One approach that frequently works is to send your resume after the first wave of responses arrives. This gives the screener more time to evaluate your resume since it is now in a smaller stack – better yet it may arrive and be screened by itself. To do this, mail your resume late in the week that the ad appears. To get an even better response, send your ad a week or so after it appears. This may very well be after the first wave is considered and maybe after the first round of interviews. If no clear candidates have surfaced there will be more of an effort by the screener to screen candidates in rather than out.

Ad Response Letter outline

The first paragraph should clearly state the advertised position title and where you saw the ad (publication name and date). Express your interest in the position and mention that the position closely matches your qualifications.
The second Paragraph should present your qualifications as they match the requirements for the position. Since the initial screener may be less than qualified to evaluate your resume, the “T” style paragraph works well. Set up two columns headed “Your Requirements” and “My Qualifications.” Then list each requirement and next to it state your matching qualification. This process leads the inept screener to quickly discover that you should be kept in the “keeper” stack.
The third paragraph should again express your interest in the position and request an interview or meeting. State when you will follow up (if it is not a blind ad) and put it on your calendar. Following up will greatly increase your chances of being considered further.
Thank you / follow up letters
Always follow up any networking meeting, interview or rejection letter with another letter of your own.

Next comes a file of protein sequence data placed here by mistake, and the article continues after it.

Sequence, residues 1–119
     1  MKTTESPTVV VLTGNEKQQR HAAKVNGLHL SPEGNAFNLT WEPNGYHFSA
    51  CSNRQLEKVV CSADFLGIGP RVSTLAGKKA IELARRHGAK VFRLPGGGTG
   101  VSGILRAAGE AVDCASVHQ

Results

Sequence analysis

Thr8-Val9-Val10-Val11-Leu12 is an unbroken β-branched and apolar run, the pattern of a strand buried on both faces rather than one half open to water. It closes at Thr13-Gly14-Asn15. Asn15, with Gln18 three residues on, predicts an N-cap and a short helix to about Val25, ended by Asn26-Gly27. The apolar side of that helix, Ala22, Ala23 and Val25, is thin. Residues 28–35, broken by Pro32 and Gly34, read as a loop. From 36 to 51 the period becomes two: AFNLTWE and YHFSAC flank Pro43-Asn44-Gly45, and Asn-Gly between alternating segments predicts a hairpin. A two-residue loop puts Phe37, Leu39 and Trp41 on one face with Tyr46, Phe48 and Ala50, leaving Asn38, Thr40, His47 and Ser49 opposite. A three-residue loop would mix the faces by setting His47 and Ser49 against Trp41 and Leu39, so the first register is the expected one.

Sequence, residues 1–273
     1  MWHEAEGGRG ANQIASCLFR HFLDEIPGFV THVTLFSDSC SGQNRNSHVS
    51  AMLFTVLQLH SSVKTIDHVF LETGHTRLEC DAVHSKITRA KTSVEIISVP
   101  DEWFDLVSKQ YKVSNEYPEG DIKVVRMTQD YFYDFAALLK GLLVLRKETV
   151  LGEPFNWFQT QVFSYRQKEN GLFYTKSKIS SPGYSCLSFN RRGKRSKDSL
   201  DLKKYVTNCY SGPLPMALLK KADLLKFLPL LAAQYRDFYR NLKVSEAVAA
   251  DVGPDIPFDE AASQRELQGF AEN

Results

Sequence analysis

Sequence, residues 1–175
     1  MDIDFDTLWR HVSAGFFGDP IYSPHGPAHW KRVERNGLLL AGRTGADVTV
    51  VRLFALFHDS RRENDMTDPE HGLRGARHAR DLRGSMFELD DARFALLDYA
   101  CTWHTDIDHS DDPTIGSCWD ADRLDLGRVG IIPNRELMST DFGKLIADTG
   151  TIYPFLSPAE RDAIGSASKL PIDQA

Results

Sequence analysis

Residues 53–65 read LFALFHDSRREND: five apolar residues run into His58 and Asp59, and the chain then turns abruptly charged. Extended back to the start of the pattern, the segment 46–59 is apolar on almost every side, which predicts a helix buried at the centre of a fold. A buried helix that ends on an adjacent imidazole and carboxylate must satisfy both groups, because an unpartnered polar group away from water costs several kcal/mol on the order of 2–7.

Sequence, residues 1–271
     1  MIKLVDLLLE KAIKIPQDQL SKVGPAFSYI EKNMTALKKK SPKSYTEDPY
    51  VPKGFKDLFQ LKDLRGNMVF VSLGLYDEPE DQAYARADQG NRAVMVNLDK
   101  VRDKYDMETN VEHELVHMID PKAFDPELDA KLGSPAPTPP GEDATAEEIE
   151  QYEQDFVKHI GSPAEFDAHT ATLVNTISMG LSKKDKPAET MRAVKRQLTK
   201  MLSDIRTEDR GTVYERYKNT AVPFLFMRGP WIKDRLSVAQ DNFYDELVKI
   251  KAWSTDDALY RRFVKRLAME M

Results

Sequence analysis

After a networking meeting, send a letter to thank the contact for their time and the information they provided. Restate any information or contacts they gave you and state what you will be doing to follow up on that information. Close by letting them know you will get back to them later and let them know what happens in this follow up and that you will also let them know when you conclude your search.


When sending email, be as careful in its construction as you would a letter. Email tends to be less formal but don’t allow yours to become too informal.
When you add an attachment keep in mind that many people do not open attachments unless they believe it is safe to do so. Therefore, do not use attachments in an email to someone you do not know. Instead you can paste your resume into the body of an email as a text file.
When you do attach your resume to your email, a Rich Text Format (RTF) file is an effective format. You can save your resume in an RTF file with the “Save As” option under “File” on the MS Word Menu bar.

Job Search
CEN News

St. Gerard Majella

Career Development Series
The Benefits of Using a Recruiting Firm in Your Job Search
When: February 20, 7:15-8:30pm
Where: St Gerard Majella
Catholic Church Building 2005,
Parish Meeting Room 224
1971 Dougherty Ferry Rd
St.Louis, MO 63122
Please join us at our next Career Development Workshop, where Craig Lavelle will discuss the benefits of using a recruiting firm in your job search.  He will also provide key insights into:
  1. Job interview preparation
  2. How to avoid 7 interview mistakes
  3. Likeability factors and interest level in a job search
  4. Sample behavioral questions.
Craig is Vice President, Permanent Placement Services at Robert Half Finance & Accounting, a division of Robert Half International (RHI), the world's largest specialized staffing firm.  The specialized staffing divisions of RHI place professionals in accounting and finance; technology; office administration; law; and the creative, marketing and design fields. Craig has been with Robert Half for 15 years.  He is an experienced recruiter and business consultant whose primary focus is helping both candidates and clients achieve their respective career goals and organizational recruiting needs.  Prior to joining RHI, Craig received his Bachelor’s Degree from Saint Louis University and spent 20 years in various accounting roles, including the President and CEO of Gimbel Vision in Calgary Alberta Canada. We hope you will join us so we can continue to help and support each other!  If you have questions, please contact us at  There is never any cost for our service.

Holy Spirit

CEN welcomes Holy Spirit, Maryland Heights, as their newest CEN parish, offering support for employment seekers. If you are looking for work or would like to volunteer your help for our newest startup, contact Jeff Pattison, 314-853-6197.

CEN Parish Support

All job seekers are invited to contact any CEN parish for job support information. Just check links under Parishes.